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From March 26 to July 27, 2015, Villa Schöningen is presenting an exhibition by the German artist Markus Lüpertz (* 1941). The retrospective with over 60 paintings and seven sculptures illustrates the artistic career of Markus Lüpertz from 1966 to 2014.

At the beginning of the 1960s, Markus Lüpertz stood out powerfully from the informal painting of post-war Germany with his dynamic, figurative painting. Especially with his "dithyrambic" works, Lüpertz positioned himself as one of the artists working on the realignment of German painting: With dithyrambic (dithyrambic = song of praise to the Greek god Dionysus) Lüpertz underlines the sensual demands on his painting, but also the will for renewal . How important this aspect was to him is also shown by the fact that the works of these years have the word in the title (e.g. Baumstamm - dithyrambisch ”, 1966;“ Deutsches Motiv - dithyrambisch ”, 1972).

In dealing with German history, Lüpertz was the first after Beuys to venture in the 1970s with symbolic motifs such as steel helmets, Wehrmacht hats and emblems misused by the Nazis in large formats, thus pointing to the unresolved past.

One of Lüpertz's best-known works is the sequence of images “Men without women. Parsival ”(1994), the title of which relates to Ernest Hemingway's short stories and Wagner's opera“ Parsifal ”.

The central motif of this series is the face in its most general form, because the motifs are not portrayed or depicted. They only develop through the application of paint by the painter. Hemingway's stories are about men who seek the challenge they self-assertively face, but ultimately fail. Their relationships with women, who remain strangers to them, also fail because of the impossibility of real understanding. In contrast, the legend of Parsifal glorifies sexual abstinence in favor of divine fulfillment. These references stand for two different life plans, between which Lüpertz moves in this series as if between two opposite poles.

Greek mythology has been one of the main sources of inspiration in the art of Markus Lüpertz for years. His engagement with topics from classical antiquity continues to this day. His "Drei Graien" from 1984 (oil on canvas) and the colored bronze sculpture "3 Graces" (2000), which are shown in the Villa Schöningen, are characterized by deviations from the classical ideal of beauty and their representation represents a new interpretation of the topic, that runs through all centuries of art history.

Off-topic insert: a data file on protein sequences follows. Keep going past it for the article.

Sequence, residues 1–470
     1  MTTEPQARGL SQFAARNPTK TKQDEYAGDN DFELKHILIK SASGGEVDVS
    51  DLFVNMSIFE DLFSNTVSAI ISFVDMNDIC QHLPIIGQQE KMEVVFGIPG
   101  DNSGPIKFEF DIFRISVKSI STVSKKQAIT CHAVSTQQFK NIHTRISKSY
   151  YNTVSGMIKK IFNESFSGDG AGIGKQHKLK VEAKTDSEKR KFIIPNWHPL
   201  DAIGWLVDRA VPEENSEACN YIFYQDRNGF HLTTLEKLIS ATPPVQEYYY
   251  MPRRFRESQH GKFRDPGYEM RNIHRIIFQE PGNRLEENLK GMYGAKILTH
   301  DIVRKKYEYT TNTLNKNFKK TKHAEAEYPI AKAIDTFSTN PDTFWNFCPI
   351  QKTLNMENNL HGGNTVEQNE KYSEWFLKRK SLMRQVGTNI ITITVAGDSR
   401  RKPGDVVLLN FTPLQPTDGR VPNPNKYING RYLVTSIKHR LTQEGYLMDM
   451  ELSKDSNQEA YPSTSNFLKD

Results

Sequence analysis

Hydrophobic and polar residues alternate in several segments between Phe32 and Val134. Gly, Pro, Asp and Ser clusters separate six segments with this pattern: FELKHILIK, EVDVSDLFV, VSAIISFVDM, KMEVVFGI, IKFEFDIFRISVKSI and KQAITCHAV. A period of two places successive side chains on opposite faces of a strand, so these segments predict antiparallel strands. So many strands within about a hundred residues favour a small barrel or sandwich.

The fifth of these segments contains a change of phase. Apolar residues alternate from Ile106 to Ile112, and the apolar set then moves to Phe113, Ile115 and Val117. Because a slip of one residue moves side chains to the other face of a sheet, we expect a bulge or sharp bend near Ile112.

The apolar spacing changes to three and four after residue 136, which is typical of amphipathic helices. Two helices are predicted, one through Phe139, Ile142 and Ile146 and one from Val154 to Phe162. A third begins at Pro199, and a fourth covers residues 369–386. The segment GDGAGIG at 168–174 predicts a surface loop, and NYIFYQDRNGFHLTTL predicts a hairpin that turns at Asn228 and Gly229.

In the six works in the "Back Nudes" series, too, the artist deals with a classic subject of the visual arts. For Lüpertz, however, this motif is only the starting point to challenge himself and the painting. Familiar levels of expectation and observation are not simply served, but are called into question. The back nudes show only fragments of the body. The figure is torn from its usual context of meaning, and new levels of perception open up. The body merely serves as a form that Markus Lüpertz uses to compose his powerful, impulsive, rhythmic painting.

Markus Lüpertz, one of the most important contemporary German artists, was born in 1941 in Liberec, Bohemia. After his family fled to the West, he later studied at the Werkkunstschule in Krefeld and the Kunstakademie in Düsseldorf. From 1988 to 2009 he was rector of the Düsseldorf Art Academy. He was awarded the Villa Romana Prize, the Prize of the German Association of Critics and the Julio Gonzalez Prize.

Markus Lüpertz's work has been shown around the world, including solo exhibitions at the Albertina in Vienna, the Stedelijk Museum in Amsterdam, the Museo Nacional Centro de Arte Reina Sofia in Madrid, the Beijing Art Museum of Imperial City in Beijing and the Museum Ludwig in Cologne. The Art and Exhibition Hall of the Federal Republic of Germany in Bonn dedicated an extensive retrospective to him in 2009.

The artist lives and works in Berlin, Düsseldorf and Karlsruhe.

Curated by Michael Werner

Ausstellungsplakat Markus Lüpertz, 2015
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